The Mobile-First Phone, In a Small Business Desktop Package
One of the standard pieces of advice given to small businesses either starting out or trying to expand with just a few more people is to make sure that the company has (and answers) a landline telephone number. For many years, a mobile-only contact number was seen to be a signifier of a status that could have been bordering on…cowboy territory. Geographical numbers continue to give new and existing clients the impression of solidity and permanence.
It’s an easy message to forget, given the last couple of years. After all, since the entire world “went Zoom” (or “went Teams” et al.), many companies’ landline handsets sat gathering a layer of dust. Even colleagues separated by Covid restrictions would video chat with one another and therefore discovered probably once too often that patchy broadband, overstretched bandwidth and third-rate webcams actually did very little to enhance the progress of the business.
Now, as companies begin to creep back towards normal, many are reverting back to using the trusty phone service. In many cases, it’s more reliable, less prone to dropouts, and doesn’t mean peppering important calls with phrases like, “You’re still on mute, Andy!” However, while geographical phone numbers are easy to acquire and cheap to rent, there are some obvious plus points to technologies like Zoom, Jitsi, GoToMeeting and the rest – that is, when they work as intended. Chat channels to share URL links, for example, screen sharing or very simple conference calling with multiple participants.
Compared to the end-to-end encrypted video conferencing platforms, traditional landlines may seem like yesterday’s technology, and looking at the average office handset, that’s very much in evidence. Finding out how to loop in a colleague to a client call, for instance, usually means hunting for the paper manual or starting a Google search for instructions. If only the reliable, crystal clear landline had all the ease of use of a mobile app. And while we’re creating a wish list, bringing in some of those features of Teams and Zooms, too, would be a great plus point.
Thankfully, “traditional” phone systems still exist and continue to thrive but have evolved beyond most people’s concepts of a VOIP system. There’s no longer any need to have a humming 14″ rack-mounted VOIP server somewhere in the office. Furthermore, the older push-button desk phones can now be a thing of the past – although it needs saying that for many businesses, a physical handset can still be highly useful, especially when used with a headset, or in extended use-cases, alongside a mobile app when out-of-office.
Instead of piecing together such a provision (landline number, VOIP provider, hardware, supervisor interface, mobile apps), small-to-medium businesses can now access the type of phone services and supporting systems that have been, until recently, the territory of the large enterprise. Where dedicated call centres have been deploying advanced call technology for a few decades, it’s been out of the reach, financially, of most organisations. That may go some way to explaining some of the pervasive influence of technologies like Webex, Zoom, Teams and GoToConnect, even as staff begin to return to their offices. Most of those services are either free or as good as free and have filled a gap, especially during lockdown.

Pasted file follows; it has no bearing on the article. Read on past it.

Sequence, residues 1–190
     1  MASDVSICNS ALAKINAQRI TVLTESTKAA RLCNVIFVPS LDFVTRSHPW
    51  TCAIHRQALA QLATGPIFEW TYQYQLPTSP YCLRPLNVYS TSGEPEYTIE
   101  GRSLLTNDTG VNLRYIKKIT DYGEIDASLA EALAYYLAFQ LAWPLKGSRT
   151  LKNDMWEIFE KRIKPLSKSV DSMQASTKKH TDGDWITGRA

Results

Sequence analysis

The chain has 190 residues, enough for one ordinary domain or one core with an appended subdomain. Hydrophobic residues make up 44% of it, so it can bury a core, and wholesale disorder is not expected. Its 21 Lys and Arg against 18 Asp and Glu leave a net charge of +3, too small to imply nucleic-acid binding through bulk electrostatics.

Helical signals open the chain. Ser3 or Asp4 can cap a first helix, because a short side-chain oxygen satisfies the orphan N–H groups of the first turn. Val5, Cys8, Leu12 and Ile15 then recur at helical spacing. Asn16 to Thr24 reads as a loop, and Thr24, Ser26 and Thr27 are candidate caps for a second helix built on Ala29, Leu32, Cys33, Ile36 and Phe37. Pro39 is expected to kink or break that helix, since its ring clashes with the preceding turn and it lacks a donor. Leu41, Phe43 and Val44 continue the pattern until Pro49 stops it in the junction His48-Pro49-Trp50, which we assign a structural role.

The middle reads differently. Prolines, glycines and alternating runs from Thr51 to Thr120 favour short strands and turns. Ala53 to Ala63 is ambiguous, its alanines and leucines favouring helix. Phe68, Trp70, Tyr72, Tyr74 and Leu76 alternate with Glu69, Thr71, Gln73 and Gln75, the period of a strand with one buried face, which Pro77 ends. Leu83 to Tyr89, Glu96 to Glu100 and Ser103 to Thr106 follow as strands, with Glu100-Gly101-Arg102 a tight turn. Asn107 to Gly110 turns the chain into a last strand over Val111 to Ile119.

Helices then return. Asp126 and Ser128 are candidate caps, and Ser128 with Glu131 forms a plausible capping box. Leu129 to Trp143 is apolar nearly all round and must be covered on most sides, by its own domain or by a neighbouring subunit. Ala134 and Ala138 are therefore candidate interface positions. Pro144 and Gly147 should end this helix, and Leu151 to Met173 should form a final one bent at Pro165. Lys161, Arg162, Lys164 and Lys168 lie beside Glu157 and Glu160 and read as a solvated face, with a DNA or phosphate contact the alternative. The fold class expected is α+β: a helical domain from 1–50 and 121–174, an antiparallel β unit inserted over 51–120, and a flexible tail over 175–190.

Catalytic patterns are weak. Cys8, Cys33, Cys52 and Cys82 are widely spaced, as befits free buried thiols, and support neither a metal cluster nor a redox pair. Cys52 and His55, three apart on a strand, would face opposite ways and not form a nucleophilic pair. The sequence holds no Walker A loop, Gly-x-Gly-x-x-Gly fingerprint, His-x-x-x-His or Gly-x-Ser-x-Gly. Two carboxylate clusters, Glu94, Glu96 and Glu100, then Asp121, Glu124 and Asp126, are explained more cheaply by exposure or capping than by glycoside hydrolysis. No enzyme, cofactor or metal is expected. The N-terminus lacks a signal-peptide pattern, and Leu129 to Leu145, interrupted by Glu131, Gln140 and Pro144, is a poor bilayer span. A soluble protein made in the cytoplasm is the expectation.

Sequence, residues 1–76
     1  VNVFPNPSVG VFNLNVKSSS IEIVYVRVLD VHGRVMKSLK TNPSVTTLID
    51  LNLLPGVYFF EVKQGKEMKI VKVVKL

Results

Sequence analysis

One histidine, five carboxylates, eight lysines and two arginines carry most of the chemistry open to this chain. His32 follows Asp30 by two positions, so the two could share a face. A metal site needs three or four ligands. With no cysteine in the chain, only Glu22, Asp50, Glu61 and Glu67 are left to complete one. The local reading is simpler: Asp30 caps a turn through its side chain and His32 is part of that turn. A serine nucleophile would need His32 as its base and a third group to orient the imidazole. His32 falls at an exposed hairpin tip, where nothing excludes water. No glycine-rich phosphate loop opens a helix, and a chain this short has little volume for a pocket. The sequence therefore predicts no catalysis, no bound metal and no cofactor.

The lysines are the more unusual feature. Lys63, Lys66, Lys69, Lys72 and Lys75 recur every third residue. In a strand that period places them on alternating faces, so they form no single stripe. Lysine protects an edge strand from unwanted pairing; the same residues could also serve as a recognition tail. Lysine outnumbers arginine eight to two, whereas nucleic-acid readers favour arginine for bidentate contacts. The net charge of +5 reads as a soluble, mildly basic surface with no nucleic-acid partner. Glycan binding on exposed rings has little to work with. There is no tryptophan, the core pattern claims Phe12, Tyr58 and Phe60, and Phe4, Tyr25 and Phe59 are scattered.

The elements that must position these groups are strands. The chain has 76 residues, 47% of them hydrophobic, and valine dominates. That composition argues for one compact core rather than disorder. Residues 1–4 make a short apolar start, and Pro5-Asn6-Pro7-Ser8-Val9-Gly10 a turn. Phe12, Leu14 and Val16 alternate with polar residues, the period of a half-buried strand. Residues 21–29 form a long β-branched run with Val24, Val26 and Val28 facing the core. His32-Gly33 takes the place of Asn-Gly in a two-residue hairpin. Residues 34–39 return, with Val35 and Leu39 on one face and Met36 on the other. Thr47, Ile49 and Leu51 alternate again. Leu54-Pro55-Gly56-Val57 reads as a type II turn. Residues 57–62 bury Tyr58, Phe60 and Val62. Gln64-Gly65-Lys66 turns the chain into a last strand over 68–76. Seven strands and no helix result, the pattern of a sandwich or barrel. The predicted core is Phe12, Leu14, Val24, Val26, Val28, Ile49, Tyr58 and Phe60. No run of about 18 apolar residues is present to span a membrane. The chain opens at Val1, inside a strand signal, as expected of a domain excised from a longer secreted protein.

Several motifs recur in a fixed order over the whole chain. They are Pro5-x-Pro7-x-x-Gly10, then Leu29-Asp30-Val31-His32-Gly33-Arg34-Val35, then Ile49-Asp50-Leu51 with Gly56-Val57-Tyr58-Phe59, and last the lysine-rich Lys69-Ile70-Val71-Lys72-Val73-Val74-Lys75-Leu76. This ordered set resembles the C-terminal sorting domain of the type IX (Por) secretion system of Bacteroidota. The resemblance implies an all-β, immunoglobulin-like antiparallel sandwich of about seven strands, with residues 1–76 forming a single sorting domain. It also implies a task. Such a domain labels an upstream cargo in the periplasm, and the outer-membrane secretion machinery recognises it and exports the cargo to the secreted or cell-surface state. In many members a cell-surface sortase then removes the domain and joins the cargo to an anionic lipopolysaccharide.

But rather than work with piecemeal VOIP and/or software platform, 4-Com offers a fantastic cloud-based phone service that’s designed specifically for small businesses. Its cloud hosted nature means no expensive VOIP servers are needed onsite (making it perfect for any company in shared offices), and it combines the clear solidity of phone services with all the technology-based features we’ve come to rely on over the last two years or so.
It’s simple to use either in place using the HiHi desk phone, or the mobile app, to which calls can be transferred temporarily, permanently, and even mid-call (the terminology used is to “pull the call” to mobile). Because it’s a powerful piece of software, capabilities like Zoom and Teams integration appear in the app or on the desk phone. (The “desk phone” owes more to a tablet than its push-button predecessors, by the way.)
The underlying software placed in users’ hands is, under the hood, Android-based, so the whole system looks and feels like apps that everyone uses every day (note there is, of course, an iOS version, too). Therefore the user interface works exactly as even the least technical user would expect, and if there are problems, the support centre is entirely UK-based and just a simple call away.
The back end of the 4-Com-plus-HiHi-plus-mobile-app is controlled via a web interface, so the company owner or designated manager can control extension numbers, chase groups, call redirects, conference calls, integrations with other platforms (like Teams), answering services, and all switchboard-type functions.
In brief, it’s a fully functional, professional, contact-centre grade system with a startup business price tag. To learn more, why not speak to one of those UK-based support staff? They’ll talk you through the options available from this powerful cloud service that’s the next-generation of phone services thriving in this app-obsessed age.
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